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The question of the relationship between socially engaged biblical scholars and ordinary poor and marginalised readers of the Bible lies at the heart of this chapter. While it may seem strange to begin an essay on 'The Bible and the poor' with such a statement, liberation theologies in their various forms all emerge from the interface between socially committed theologians and ordinary Christians from poor and marginalised communities. The task of this chapter is to understand the contours of the interface more clearly. As most of the readers of this volume are probably from the First World, we must begin by making it quite clear that liberation theologies are different from First World theology. It is not just that liberation theologies have a different content, they are more profoundly different in that they have a different methodology. 'The established methodology of First World theology - often regarded as a universally valid norm - has recently been challenged. The challenge comes from different quarters in Africa, Asia, and Latin America, but it also comes from certain groups within the First World, e.g., from Christians within the feminist and labour movements.'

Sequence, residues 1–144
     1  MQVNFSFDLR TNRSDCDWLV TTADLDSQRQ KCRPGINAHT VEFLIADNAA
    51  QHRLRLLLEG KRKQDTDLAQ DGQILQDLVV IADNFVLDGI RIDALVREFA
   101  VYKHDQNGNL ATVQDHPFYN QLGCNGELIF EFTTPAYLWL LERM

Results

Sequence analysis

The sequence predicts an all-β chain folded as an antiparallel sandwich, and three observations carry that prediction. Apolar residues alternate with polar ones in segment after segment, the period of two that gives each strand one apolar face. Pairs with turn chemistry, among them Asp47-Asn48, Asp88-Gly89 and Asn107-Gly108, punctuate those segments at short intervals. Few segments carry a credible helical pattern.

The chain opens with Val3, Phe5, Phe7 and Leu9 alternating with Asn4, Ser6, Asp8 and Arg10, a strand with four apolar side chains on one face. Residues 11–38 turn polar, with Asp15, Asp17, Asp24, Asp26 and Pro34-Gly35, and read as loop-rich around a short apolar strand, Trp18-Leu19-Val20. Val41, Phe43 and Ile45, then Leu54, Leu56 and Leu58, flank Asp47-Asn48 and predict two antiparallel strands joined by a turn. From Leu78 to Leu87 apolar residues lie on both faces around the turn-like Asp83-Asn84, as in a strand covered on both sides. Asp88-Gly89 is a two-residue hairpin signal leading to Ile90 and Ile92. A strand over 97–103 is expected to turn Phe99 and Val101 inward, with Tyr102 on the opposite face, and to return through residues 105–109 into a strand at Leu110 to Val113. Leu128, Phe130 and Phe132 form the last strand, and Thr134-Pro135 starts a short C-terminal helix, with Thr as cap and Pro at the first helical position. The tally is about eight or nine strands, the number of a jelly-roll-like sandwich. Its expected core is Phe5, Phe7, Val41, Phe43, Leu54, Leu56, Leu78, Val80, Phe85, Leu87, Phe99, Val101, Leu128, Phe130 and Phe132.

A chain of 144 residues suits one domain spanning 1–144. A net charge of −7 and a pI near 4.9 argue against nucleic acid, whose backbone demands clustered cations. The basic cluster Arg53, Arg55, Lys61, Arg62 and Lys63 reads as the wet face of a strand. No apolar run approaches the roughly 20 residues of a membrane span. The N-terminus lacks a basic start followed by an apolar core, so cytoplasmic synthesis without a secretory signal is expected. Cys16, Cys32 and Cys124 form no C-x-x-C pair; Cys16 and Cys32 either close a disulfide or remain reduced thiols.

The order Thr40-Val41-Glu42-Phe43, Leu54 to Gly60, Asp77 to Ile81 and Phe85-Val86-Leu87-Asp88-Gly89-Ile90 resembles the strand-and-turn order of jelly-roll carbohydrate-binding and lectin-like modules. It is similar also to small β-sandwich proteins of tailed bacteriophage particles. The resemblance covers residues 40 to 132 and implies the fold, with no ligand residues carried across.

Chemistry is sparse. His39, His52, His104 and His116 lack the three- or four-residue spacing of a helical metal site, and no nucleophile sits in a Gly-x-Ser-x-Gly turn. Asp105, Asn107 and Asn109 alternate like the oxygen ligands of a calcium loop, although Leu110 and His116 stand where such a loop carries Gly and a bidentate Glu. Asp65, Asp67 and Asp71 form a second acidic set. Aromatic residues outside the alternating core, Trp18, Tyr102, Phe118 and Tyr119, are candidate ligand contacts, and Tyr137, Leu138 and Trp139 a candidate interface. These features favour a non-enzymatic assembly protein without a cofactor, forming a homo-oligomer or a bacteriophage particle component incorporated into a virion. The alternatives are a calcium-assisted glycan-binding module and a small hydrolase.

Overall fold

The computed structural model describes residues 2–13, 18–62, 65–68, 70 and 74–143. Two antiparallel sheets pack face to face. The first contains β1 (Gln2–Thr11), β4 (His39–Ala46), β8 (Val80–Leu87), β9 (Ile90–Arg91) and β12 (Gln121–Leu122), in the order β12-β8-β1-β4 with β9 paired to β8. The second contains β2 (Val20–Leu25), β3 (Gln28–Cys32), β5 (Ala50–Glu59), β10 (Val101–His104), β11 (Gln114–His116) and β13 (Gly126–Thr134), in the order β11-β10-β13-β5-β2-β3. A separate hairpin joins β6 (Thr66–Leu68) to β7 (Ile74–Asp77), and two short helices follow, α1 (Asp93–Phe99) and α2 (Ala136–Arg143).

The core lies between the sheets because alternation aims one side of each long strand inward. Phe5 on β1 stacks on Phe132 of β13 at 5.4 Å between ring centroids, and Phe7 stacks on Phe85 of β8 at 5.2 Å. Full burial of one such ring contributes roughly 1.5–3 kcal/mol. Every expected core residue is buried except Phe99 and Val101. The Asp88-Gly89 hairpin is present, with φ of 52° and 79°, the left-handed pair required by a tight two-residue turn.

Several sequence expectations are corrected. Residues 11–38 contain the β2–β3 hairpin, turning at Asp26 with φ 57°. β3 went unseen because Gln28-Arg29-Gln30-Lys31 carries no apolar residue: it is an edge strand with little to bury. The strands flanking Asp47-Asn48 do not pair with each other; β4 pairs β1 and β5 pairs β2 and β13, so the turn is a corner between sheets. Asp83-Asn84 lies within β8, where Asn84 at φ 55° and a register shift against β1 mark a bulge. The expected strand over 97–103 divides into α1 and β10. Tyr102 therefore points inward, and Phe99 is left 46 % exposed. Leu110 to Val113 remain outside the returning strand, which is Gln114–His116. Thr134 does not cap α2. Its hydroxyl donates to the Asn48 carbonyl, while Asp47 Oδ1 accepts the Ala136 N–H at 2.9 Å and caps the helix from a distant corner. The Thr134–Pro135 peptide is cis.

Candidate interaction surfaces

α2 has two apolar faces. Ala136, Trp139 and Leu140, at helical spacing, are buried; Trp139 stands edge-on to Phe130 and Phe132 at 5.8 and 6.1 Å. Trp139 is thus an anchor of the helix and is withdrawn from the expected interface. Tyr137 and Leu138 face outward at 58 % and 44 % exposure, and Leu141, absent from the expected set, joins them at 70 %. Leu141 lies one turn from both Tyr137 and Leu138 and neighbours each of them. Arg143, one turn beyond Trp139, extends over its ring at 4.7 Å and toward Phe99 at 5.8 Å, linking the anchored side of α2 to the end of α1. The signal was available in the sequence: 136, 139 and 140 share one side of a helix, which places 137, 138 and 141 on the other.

Elaborating on this statement, Per Frostin defines the challenge posed by theologies of liberation with reference to five interrelated emphases: the choice of the interlocutors of theology, the perception of God, the social analysis of conflicts, the choice of theological tools, and the relationship between theology and praxis. Of particular concern in this chapter is the first of these emphases, what Frostin calls 'the interlocutors of theology', because it is this emphasis that shapes each of the others.